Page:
Friday, February 27, 2004
Resolution opposing Patriot Act on Warrant for May 3 TM
A resolution opposing certain provisions of the USA Patriot Act will be presented to the town for a vote at the May 3 Annual Town Meeting. A newly-formed local citizen group, the Carlisle Civil Liberties Committee (CCLC), appeared before the Board of Selectmen on February 10 seeking to place the resolution on the Warrant.
CCLC coordinator Susan Stamps stated that the resolution, patterned on one to be placed before the Concord Town Meeting, requests to "reaffirm the fundamental and unalienable civil liberties secured by the Constitution of the Commonwealth of Massachusetts and the U.S. Constitution for all people within the town," and to oppose the provisions of the so-called Patriot Act as "assaults on these long-cherished civil liberties." The resolution urges our elected representatives in Congress to monitor the implementation of the Patriot Act and to actively repeal those portions that violate rights to freedom of speech, freedom of assembly, freedom from unreasonable searches and seizures, and due process of law .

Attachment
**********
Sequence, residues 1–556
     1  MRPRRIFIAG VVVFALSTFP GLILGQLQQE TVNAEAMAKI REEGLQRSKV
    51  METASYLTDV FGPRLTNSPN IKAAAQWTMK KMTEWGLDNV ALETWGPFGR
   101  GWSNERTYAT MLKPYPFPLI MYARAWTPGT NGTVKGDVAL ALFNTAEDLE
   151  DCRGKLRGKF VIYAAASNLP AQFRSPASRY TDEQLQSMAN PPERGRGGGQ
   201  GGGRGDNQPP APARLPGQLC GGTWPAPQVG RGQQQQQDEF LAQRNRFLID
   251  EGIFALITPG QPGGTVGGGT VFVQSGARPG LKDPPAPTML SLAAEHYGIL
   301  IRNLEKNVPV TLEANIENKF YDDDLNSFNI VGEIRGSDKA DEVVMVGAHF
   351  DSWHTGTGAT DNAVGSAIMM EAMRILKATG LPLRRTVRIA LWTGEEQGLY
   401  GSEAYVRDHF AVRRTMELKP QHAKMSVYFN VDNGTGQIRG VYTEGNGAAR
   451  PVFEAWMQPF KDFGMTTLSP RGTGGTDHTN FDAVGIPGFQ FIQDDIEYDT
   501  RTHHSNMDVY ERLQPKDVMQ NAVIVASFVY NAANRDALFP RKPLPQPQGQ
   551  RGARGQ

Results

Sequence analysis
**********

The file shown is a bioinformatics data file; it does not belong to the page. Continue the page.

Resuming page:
Selectmen Chair Tim Hult asked Stamps whether her committee would attempt to get the petition on the Warrant by petition, if the Selectmen voted against placing it there. Stamps replied, "Yes, it will be on the Warrant."
In the ensuing discussion among the Selectmen, Doug Stevenson and Tony Allison opposed using "valuable Town Meeting time" for such general resolutions. Vivian Chaput said it was her opinion that "Town Meeting is the purest form of democracy, and why not? It is an appropriate issue for Town Meeting." Tim Hult and John Ballantine agreed. The vote to place the resolution on the Warrant passed by three to two.
If the resolution passes, Carlisle will be joining such organizations as the American Library Association and the American Booksellers' Association as well as 255 communities and states nationwide and 19 Massachusetts cities and towns, including Cambridge, Brookline, Lincoln, Newton and Arlington, that have already passed similar resolutions.
© 2004 The